“It was my senior season, and this was going to be our team’s year,” she continues. “The day before I was at home playing catch and running around. A week earlier I was practicing with my team. And now, they were telling me my neck was broken? I was in shock.”
The halo brace, which would be attached to her skull for three months, allowed the bones in her neck to heal. However, the cumbersome three-pound device also made simple day-to-day functions, from getting out of bed to bathing and dressing, the challenges of a lifetime.
After a week at home, Schoonmaker returned to Columbia to resume her fall semester classes. Her mother Debbie also made the trip, staying for two weeks to help her daughter adjust to her new hardware. Schoonmaker says having to give up her independence and continually ask for help was extremely difficult. “It was humbling, but I learned so much from it,” she says. “I had to find new ways to do the simplest things.”
During this initial phase of her recovery, Schoonmaker underwent basic physical therapy for dealing with day-to-day life. “Her rehab included re-learning how to perform basic activities of daily living like standing up, sitting down, and balancing while on her feet,” says Thomas. “She struggled at first with performing even simple tasks like buckling her belt or putting her hair in a pony tail.”
Within the first few weeks, Schoonmaker began taking small steps to slowly improve her conditioning. “She had significant restrictions but she would find a way to work within them,” Thomas says. “In the weightroom, she would do biceps curls, triceps extensions, and calf raises using a five-pound weight and worked toward her goal of walking the stairs in the upper- and lower-level decks of the football stadium 50 times.”
Toward the end of February, Schoonmaker said goodbye to the halo and was fitted for a cervical neck collar, which she wore until late May. Once cleared to remove the collar, she began working with Thomas on gentle strengthening and range of motion exercises for her neck.
“We began with manual exercises in which I moved her neck in flexion, extension, sideways, and rotationally,” says Thomas. “We also did some isometric strengthening for flexion, extension, side bending, and rotation. For example, I had her press her head against my hand for 10 seconds at a time. We did one set of 10 to start and progressed to three sets of 10 in each direction. As her range of motion increased, we would begin to do the exercises at different angles.”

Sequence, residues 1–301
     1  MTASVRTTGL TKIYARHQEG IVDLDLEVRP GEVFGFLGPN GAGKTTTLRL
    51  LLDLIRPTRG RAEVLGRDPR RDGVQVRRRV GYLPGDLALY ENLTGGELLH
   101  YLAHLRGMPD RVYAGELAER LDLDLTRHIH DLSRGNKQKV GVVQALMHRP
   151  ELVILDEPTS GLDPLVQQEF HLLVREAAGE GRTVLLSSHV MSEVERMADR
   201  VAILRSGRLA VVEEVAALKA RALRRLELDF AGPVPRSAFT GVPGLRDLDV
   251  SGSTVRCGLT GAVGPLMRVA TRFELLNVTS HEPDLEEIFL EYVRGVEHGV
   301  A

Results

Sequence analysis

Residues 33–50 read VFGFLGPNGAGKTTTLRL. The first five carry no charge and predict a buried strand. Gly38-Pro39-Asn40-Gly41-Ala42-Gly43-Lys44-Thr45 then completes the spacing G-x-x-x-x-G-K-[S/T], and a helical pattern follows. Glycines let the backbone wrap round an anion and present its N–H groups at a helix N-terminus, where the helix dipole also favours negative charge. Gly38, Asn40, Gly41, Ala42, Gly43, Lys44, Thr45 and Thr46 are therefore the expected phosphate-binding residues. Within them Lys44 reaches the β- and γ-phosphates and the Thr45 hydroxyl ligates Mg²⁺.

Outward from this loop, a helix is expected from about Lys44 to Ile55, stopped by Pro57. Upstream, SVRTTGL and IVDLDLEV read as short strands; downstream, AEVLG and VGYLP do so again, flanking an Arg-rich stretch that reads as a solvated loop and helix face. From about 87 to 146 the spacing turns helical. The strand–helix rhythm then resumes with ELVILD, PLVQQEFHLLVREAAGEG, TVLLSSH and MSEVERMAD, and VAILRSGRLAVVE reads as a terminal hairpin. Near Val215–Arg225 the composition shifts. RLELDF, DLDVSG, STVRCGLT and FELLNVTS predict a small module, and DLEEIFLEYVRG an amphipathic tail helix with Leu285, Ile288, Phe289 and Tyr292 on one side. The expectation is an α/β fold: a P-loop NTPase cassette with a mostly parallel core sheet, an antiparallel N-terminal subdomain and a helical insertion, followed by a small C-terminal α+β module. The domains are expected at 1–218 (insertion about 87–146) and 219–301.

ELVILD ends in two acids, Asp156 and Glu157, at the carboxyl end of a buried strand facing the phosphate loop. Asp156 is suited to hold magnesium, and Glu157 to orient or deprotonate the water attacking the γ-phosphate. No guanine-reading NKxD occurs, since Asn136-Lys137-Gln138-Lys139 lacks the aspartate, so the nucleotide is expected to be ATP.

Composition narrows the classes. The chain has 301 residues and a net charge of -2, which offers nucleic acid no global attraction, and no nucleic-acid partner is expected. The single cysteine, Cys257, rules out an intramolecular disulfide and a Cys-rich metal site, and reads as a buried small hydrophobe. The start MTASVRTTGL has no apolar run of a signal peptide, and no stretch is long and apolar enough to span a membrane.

Initially, Schoonmaker’s ROM was very limited, and her neck and upper back muscles had atrophied significantly. After the muscles were activated for the first time in over five months, spasms were a regular occurrence. “I used basic massage to break up and relieve the spasms and to increase muscle elasticity,” Thomas says. “Most of the techniques were effleurage, which incorporated long, smooth strokes; myofascial release to spread the fascia that covers the muscles; and occipital release, which focused on relaxing the fascia that attaches at the base of the skull.”
As more weeks passed, Schoonmaker’s recovery quickened and Thomas progressed to more active assistive ROM and manual resistance muscle strengthening. “We progressed her based on how she was feeling, her level of ROM increase, and how her muscles were responding to the previous day’s rehab,” Thomas says. “However, due to the increased intensity, she experienced headaches from time to time and we would have to back off. Also, her neck was hypersensitive to any manual resistance and ROM increases, so I had to be very careful.” Throughout the process, Team Orthopedic Physician Chris Mazoue, MD, had regular phone conversations with Schoonmaker’s neurologist.
Through it all, Schoonmaker continued to steadily progress, and Thomas says a major asset in the process was the unique bond the two developed. “Her trust in me–literally putting her head in my hands and allowing me to be one of the first people to manually move her head and neck–was key,” Thomas explains. “She was also great at telling me how she was feeling and letting me know when she felt apprehensive, nervous, or excited. Our communication was excellent, and it really helped keep us on the same page.”